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I'm using the latest vim/gvim (8.0.118), but have noticed this problem in the past, with other versions.

I created a file named fizzbuzz.java (outside of gvim), and opened it in a new tab in gvim on my Windows 7 PC at work, using the context menu of my file manager. After closing the tab, using :x, I discovered that I had to rename the file to FizzBuzz.java, to match the name of the class I wrote, which I did outside of gvim.

However, when I went to reopen it in the same instance of gvim, again using the context menu of my file manager, it reverts to the original casing, and when I close it with :x, it saves it as such, so that I had to rename the file again. It was only after deleting the buffer, and refreshing the buffer list in the menu that I was able to get gvim to correctly recognize the new casing of the filename.

This does not happen in gvim 7.4 on Linux (PCLinuxOS)

Is there an easier way to get gvim to recognize, and retain the change in casing of a filename on Windows, without restarting gvim?

  • 1
    I can't reproduce your problem, but your wording is not precise so I might be mising something: I created a file named fizzbuzz.java you manually created it in your explorer or used :e fizzbuzz.java? After closing the file do you mean closing the buffer fizzbuzz.java with :bd? I had to rename it to FizzBuzz.java in your explorer, not with :saveas? it reverts to the original casing, and saves it as such where do you see it with the original name? so that I had to rename the file again again how did you renamed it? refreshing the buffer list in the menu which menu? – statox Jan 6 '17 at 9:05
  • Updated the question to add answers to your questions. Created and renamed the file outside of gvim. The original casing displays in the status bar when I reopen the file in gvim using my file manager. – Herb Wolfe Jan 6 '17 at 12:24
  • Thank you for the edit. Following your workflow I still can not reproduce this problem. I think it is a strange behavior since the filename is completely handled by the OS... I hope someone will be able to help you :) – statox Jan 6 '17 at 12:29
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    Yeah, vim seems to reuse the original name since it remembers the buffer. As a workaround, try :f %. – Antony Jan 6 '17 at 12:43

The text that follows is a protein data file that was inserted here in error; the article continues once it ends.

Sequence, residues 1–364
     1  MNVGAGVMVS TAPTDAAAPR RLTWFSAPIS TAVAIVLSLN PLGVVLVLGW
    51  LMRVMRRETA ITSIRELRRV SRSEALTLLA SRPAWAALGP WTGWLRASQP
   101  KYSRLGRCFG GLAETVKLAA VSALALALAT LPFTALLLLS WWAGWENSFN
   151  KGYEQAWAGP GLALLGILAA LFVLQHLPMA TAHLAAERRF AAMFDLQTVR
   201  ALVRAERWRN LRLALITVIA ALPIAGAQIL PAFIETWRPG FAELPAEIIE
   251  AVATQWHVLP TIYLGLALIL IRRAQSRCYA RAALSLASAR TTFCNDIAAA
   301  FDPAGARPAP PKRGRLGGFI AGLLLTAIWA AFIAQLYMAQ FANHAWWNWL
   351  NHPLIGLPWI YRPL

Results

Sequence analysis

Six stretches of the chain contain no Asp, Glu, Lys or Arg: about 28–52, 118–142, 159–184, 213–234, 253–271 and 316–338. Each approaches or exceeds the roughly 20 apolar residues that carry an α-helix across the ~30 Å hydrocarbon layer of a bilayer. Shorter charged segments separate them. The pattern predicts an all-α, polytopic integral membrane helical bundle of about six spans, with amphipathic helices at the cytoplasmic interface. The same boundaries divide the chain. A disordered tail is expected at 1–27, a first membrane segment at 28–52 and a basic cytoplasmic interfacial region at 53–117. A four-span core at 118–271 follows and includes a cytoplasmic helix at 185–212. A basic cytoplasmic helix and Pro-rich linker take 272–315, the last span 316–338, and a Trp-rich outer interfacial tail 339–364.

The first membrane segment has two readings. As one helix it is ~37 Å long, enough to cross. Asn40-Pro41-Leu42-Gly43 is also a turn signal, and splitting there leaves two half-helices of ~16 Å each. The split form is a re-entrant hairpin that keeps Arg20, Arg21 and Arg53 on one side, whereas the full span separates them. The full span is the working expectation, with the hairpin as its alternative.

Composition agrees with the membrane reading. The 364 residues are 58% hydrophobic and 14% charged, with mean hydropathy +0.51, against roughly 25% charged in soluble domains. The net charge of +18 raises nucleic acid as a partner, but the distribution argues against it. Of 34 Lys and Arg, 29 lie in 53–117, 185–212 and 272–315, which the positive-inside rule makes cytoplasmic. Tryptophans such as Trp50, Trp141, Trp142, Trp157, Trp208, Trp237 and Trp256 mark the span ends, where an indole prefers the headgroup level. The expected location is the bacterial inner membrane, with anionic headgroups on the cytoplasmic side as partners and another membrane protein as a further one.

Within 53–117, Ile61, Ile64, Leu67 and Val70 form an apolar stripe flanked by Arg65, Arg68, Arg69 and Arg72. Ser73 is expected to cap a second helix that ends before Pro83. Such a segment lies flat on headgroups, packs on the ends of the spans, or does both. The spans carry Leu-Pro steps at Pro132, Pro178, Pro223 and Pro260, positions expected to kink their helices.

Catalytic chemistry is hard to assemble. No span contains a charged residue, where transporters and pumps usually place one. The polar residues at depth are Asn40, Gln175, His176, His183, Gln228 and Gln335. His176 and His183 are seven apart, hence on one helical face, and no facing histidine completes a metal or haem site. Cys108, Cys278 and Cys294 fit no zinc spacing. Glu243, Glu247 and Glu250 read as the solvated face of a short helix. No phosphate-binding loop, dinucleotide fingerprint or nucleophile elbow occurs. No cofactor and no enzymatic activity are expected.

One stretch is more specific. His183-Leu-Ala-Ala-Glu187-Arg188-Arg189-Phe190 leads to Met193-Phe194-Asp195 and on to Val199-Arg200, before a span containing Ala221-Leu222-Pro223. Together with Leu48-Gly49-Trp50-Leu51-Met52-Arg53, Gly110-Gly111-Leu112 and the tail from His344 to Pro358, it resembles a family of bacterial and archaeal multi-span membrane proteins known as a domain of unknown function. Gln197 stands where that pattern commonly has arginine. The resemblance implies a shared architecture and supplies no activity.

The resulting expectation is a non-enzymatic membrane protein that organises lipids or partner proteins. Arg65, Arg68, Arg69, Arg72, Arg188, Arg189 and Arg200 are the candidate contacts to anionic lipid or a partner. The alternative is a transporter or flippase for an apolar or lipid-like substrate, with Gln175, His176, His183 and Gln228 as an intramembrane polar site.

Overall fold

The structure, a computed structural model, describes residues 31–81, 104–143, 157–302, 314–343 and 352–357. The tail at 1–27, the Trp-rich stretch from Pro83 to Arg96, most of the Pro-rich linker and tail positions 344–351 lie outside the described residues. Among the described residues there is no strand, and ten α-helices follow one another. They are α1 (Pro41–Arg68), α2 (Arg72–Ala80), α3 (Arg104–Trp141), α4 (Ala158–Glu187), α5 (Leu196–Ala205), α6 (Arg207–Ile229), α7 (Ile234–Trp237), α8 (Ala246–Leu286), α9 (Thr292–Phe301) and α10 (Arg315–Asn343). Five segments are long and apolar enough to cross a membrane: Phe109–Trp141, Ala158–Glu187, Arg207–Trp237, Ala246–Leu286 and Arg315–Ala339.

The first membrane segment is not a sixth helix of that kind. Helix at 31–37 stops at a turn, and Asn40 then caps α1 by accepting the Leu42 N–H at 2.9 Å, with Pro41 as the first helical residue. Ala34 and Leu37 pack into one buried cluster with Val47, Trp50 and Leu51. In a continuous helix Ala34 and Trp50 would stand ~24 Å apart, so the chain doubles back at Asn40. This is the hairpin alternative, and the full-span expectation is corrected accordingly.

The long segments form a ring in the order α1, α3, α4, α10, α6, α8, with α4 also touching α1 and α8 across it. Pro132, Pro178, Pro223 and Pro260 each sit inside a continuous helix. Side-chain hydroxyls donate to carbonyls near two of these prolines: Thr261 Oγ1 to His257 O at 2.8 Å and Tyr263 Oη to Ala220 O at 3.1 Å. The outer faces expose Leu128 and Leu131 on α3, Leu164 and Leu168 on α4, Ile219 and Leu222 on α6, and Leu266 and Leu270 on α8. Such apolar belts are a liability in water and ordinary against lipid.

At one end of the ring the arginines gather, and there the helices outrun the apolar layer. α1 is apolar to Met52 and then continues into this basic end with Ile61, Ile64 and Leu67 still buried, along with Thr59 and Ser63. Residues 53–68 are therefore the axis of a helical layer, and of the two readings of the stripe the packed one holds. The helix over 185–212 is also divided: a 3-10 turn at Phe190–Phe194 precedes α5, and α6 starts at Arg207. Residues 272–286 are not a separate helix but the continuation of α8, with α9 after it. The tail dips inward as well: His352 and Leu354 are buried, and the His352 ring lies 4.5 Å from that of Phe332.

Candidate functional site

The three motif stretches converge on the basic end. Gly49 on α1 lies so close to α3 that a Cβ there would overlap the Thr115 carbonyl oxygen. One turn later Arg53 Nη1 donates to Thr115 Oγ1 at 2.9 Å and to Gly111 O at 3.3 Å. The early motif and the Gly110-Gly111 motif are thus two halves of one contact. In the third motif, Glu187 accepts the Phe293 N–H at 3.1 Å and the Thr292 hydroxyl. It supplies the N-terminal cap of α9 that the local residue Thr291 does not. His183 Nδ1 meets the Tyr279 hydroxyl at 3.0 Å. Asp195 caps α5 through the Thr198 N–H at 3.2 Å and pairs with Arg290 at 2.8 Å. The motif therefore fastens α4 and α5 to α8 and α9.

• @Antony if you want to add that as an answer, I will accept it. – Herb Wolfe Dec 17 '19 at 18:20
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Why this happens

When you close the file with :x, it saves the buffer and closes the window/tab, but Vim does not forget about the file. If you execute the :ls command after doing so, you will see the buffer is still there.

Then, when you re-open the file, Vim will notice that it already has a buffer with the "same" filename (because your file system is case-preserving but case-insensitive, fizzbuzz.java and FizzBuzz.java are equivalent with respect to the file's identity), and reuse the buffer, with the lower-case file name.

The solution

In order to prevent this, instead of merely closing the window, you need to tell Vim to discard the buffer entirely, by using the :bwipeout command. This completely removes the buffer from Vim, and so when you reopen it, it treats it as an entirely new buffer, and uses the upper-case file name from the filesystem.

An alternative workaround

Note that :bwipeout has some other effects. If these are an issue, you can instead use the workaround suggested by Antony in the comments, which is to allow Vim to open the file using the lower-case file name, but then rename the buffer to match the upper-case name with the :file {name} command:

:f %
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Close vim completely, and reopen the file manually (ie :edit FileName.ext instead of :MRU), ensuring there's no badly-cased names in the path.

I just solved a similar problem where my filename in vim was lowercase, but the actual path was uppercase, and Fugitive couldn't find the lowercased file for whatever reason. It seemed to persist even after I relaunched vim and opened the file.

The problem was actually that the MRU plugin I was using (CtrlP) had managed to store the lowercase filename, so after restarting vim, when I manually typed :e UpperCaseFileName.type, instead of going through the MRU file via a plugin, it used the correct path.

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  • I'm not using a MRU plugin. It appears that it's an internal buffer issue. – Herb Wolfe Mar 27 '18 at 15:00
  • It's the same problem, you've opened the file as lowercase.cpp and want to open LowerCase.cpp. It's probably a bug but it's the same solution. – TankorSmash Mar 27 '18 at 15:42

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